Monday, May 16, 2011

Court Reporting

As some of you know, I am going to school for Court Reporting.  Sometimes it can be really confusing to understand what I am talking about, so I am going to try and explain a little bit about it here.  I'll probably be mostly talking about the schooling part.

Now, this may get a little confusing, so I'm sorry if it does!  You learn a whole new language to be able to write on the machine.  It's called steno.  It's an ongoing process.  You learn something new pretty much every day. 

It also takes a LOT of practice time.  You have to be able to write at 225 WPM on the machine.  So, you are basically learning a new motor skill and a new language at the same time.  Does this explain a little as to why school can take FOREVER to get out of?

There are three categories: Jury Charge (JC), Literary (Lit), and Question and Answer (QA).  In each speed class you have to pass 3 in each category to be able to get an A.  Each class has different speeds.  JC and QA are usually the same speed, and Lit is usually 20 WPM lower.  You cannot move on to another class until you have either gotten a B (2 passes in each category) or an A.  Another reason school can take forever. 

To pass the State Exam in the State of Texas, you have to pass a 225 QA, 200 JC, and a 180 Lit at 95% all at the same time.  My school requires you pass two mock exams at 97%.  Basically, the same speeds as the state exam, only at 97%.  Sometimes I wish they wouldn't, BUT I know that I can do it when I go take the State test.  There is also a knowledge part of the rules you have to follow according to your state.  Not all state's have a state certification.  Texas and California have the hardest.  Of course, I have to live in one of the toughest states!  Oh well...

I hope this helps explain a little bit more as to what I am doing in school, and if you ever read/hear me talk about it, you'll understand a little bit better.  I'm always more than happy to answer any questions.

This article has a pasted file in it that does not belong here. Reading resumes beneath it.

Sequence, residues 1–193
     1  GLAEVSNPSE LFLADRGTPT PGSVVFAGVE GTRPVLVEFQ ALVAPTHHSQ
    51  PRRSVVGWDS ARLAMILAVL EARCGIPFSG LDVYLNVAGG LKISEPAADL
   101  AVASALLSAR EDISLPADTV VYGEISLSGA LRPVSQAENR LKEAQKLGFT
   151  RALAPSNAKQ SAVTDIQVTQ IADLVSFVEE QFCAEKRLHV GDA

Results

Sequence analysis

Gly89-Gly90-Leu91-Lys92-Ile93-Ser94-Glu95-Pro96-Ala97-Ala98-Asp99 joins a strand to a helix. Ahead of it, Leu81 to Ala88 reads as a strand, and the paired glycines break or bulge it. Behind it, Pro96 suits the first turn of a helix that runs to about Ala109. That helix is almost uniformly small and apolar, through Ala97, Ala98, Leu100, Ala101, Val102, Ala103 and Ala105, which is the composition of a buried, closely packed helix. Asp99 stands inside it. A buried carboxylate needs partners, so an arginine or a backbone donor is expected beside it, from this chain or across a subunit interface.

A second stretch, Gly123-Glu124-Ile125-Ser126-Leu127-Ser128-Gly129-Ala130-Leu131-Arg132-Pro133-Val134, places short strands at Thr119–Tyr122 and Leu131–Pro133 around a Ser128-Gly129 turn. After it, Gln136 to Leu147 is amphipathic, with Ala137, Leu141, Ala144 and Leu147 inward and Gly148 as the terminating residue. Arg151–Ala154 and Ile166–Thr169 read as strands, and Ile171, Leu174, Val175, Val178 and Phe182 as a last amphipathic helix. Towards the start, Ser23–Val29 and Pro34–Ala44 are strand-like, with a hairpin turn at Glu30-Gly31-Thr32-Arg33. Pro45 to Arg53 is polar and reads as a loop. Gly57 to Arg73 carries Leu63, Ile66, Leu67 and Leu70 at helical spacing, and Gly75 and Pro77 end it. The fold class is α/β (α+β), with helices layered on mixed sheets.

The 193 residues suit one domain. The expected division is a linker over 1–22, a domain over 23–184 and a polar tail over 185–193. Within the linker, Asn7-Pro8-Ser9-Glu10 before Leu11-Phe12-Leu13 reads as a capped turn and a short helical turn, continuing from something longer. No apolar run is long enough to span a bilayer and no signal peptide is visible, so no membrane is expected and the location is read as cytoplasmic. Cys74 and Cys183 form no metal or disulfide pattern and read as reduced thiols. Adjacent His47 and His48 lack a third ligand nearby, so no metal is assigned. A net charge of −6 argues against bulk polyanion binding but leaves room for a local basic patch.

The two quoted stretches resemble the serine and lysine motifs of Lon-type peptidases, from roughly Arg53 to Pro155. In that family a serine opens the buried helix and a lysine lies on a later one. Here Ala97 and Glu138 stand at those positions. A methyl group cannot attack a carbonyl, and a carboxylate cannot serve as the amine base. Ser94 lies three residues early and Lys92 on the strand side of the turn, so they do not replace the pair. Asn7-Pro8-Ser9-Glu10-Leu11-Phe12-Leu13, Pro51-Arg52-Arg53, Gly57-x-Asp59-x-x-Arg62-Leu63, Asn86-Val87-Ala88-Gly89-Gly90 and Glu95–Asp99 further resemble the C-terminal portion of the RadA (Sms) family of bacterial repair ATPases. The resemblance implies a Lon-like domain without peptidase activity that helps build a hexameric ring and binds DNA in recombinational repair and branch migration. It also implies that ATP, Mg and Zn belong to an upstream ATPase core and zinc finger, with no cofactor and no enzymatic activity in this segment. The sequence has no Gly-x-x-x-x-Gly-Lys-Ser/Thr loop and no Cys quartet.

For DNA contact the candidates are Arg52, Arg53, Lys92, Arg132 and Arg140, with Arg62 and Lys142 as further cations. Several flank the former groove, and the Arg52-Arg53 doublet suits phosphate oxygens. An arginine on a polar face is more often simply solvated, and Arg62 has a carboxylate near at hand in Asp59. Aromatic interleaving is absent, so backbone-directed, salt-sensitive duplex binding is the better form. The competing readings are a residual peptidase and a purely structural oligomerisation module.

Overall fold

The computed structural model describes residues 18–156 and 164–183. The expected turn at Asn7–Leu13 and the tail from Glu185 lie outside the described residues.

As of right now (before summer semester starts) I need two more 200 QA's for an A, then I will be trying for my mock exams!  So, I am nearing the end...just hoping I can push it hard enough to be done with school this summer!!


  1. Wow...that was interesting! Now I have a better idea of what you've been up too....and it looks like a lot of hard work! =) You can do it!

  2. That's really interesting! When I was taking my Grammar and Linguistics classes I had to learn a new alphabet... the International Phonetic Alphabet. It was like learning a new language too... haha. Although, Joey definitely didn't appreciate me sounding everything out over and over and over again. Let's just say that the one time on a road trip when I was working on homework, he came very close to leaving me in the middle of nowhere. lol.

    Good luck with your tests/exams! You'll do fabulous!!!

  3. I tagged you in a post. I hope you participate, I would love to see your favorite things. :)


  4. My sister has been a court reporter and is now a closed captioner for over 13 years. It is a tough program!!! Take care of your hands, she is having issues now after so many years. (and she's only 35!) And look into hand insurance -- no joke. Good luck on exams. And let me know if you ever want to talk with her about her career.

  5. Thanks so much, Amy! I already consider getting my hands insured when I graduate. I'm doing my best to take care of my hands the only way I know how! I noticed they are girly hands today when I was helping my parents move some stuff from their house for my sister. Oh man!

  6. My daughter passed the board in Texas right after school, first take..Her mentors said she is the best the school has ever had (Court Reporting Institute, Houston). We're so proud of her achievement in school. She started working at the courts in Houston but only as a sub and could not get enough hours to cover her bills. The cost of the machine, the program etc. is really VERY expensive. She then started to train in closed captioning and of course, there is a different program for that...which costs her several thousands of dollars again..But like i said, she is good at her craft (her maternal grandma was a stenographer til she retired). I guess closed captioning is paying off, she just started at $70/hr and is getting more hours and she works at home. And yes, we are definitely concerned about how she should take care of those coverage for the hands is a must for those who do this kind of job. Hopefully she insures those hands soon as she rakes in those hard-earned $$$$.